Glial cells in the central nervous system and peripheral nervous system

Cell type


Central nervous system


• Astrocytes

– Maintain blood-brain barrier, regulate ion, nutrient, and dissolved gas concentrations


– Form scar tissue after injury

• Oligodendrocytes

Form myelin around CNS axons

• Microglia

Remove cellular debris, and pathogens in CNS by phagocytosis

• Ependymal cells

Line ventricles of the brain and central canal of the spinal cord. Assist in production, circulation and monitoring of cerebrospinal fluid

Peripheral nervous system


• Satellite cells

Surround nerve cell bodies in peripheral ganglia

• Schwann cells

– Surround all axons in PNS


– Responsible for myelination of axons in PNS


– Participate in repair process after injury

Synaptic Transmission

In the nervous system, information moves from one location to another in the form of action potentials. An action potential travelling along an axon is called nerve impulse.

The nerve impulse is akin to a tiny electrical charge and forms the physiological unit of the nervous system.


There is always more than one neuron involved in the transmission of a nerve impulse from its origin to its destination, whether it is sensory or motor. The neurons form long chains along which the impulses are conducted.

N.B. All the neuroglia are derived from ectoderm like neurons except microglia which are derived from mesoderm.

The point at which the nerve impulse passes from one neuron to another is called synapse.

It is important to know that at synapse, the contact between the neurons is by contiguity and not by continuity (neuron theory of Waldeyer, 1891), and the impulse is transmitted across a synapse by a specific neurotransmitter.

The synaptic communication is the process by which neurons communicate among themselves and with the muscles and glands.

Classification of synapses

Depending upon the parts of two neurons forming a synapse, the synapses are of the following types:

1. Axodendritic: synapse between an axon and a dendrite.

2. Axosomatic: synapse between an axon and a soma.

3. Axoaxonal: synapse between two axons.

4. Somatodendritic: synapse between a soma and a dendrite.

5. Somatosomatic: synapse between two somas and soma.

6. Dendrodendritic: synapse between two dendrites.

N.B. The most common synapse is between an axon of one neuron and the soma or dendrite of another neuron (i.e. axosomatic or axodendritic). The axodendritic synapse is generally termed typical synapse.

Structure of a synapse

Figure 2.7 presents the structure of an axodendritic synapse.


FIG. 2.7 (A) The structure of a typical synapse as seen under electron microscope. (B) The synaptic transmission. The neurotransmitter diffuses from the presynaptic terminal across the synaptic cleft to the receptors on the postsynaptic membrane.

At its free end the axon breaks up into minute branches which terminate in small swellings called presynaptic knobs or boutons. They lie in close proximity to the dendrites of the other neurons. The region of dendrite receiving the axon terminal is called postsynaptic process. The membrane opposed to the presynaptic knob is called postsynaptic membrane. The space between presynaptic knob and post-synaptic membrane is termed synaptic cleft, which is about 20 nm wide.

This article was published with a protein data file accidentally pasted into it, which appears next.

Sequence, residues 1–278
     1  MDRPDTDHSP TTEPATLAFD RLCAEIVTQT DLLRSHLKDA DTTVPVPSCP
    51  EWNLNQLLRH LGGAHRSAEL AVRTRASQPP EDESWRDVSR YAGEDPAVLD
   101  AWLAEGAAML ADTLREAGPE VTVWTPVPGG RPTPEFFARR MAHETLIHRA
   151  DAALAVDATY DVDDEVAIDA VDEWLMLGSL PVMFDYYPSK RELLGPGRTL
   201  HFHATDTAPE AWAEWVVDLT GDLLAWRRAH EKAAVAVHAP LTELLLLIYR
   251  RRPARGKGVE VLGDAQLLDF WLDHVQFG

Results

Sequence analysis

Thus, the essential anatomical components of a synapse are: the presynaptic knob, the synaptic cleft, and the post-synaptic membrane (Fig. 2.7A).

The granular material or delicate fibres may be seen within the synaptic cleft. On either side of the cleft there is a region of dense cytoplasm. On the presynaptic side the dense cytoplasm is broken up into several bits, whereas on the postsyn-aptic side the dense cytoplasm is continuous and is associated with a meshwork of filaments called synaptic web.

The thickened areas on the pre- and postsynaptic membranes constitute the active zone/zones of synapse for neurotransmission.

When the synaptic web is thick, the synapse is called asymmetrical, and when it is thin, the synapse is called symmetrical.

In most locations the inhibitory synapses are symmetrical and the excitatory synapses are asymmetrical.

Within the presynaptic knob are synaptic vesicles containing chemical transmitter called neurotransmitter which carry nerve impulses across the synaptic cleft. The neu-rotransmitter is secreted by nerve cells, actively transported along axon and stored in synaptic vesicles. Synaptic knob in addition to vesicles, contains endoplasmic reticulum and mitochondria.

The postsynaptic membrane contains the receptors for the neurotransmitter.

Mechanism of transmission of nerve impulse

Arrival of nerve impulse at terminal knob causes release of neurotransmitter into the synaptic cleft, which binds with receptors on the postsynaptic membrane. This binding produces response in the postsynaptic membrane, in the form of depolarization or hyperpolarization. The excitatory nerve impulse causes depolarization of postsynaptic membrane while an inhibitory impulse causes its hyperpolarization. If depolarization reaches threshold, an action potential is produced in the synaptic neuron. In this way, action potentials are transferred from one neuron to another neuron.


Mostly the synaptic transmission is carried out by a chemical substance called neurotransmitters. The neurotransmitters produce either depolarization or hyperpolarization of post-synaptic membrane and their effects are termed excitatory or inhibitory respectively.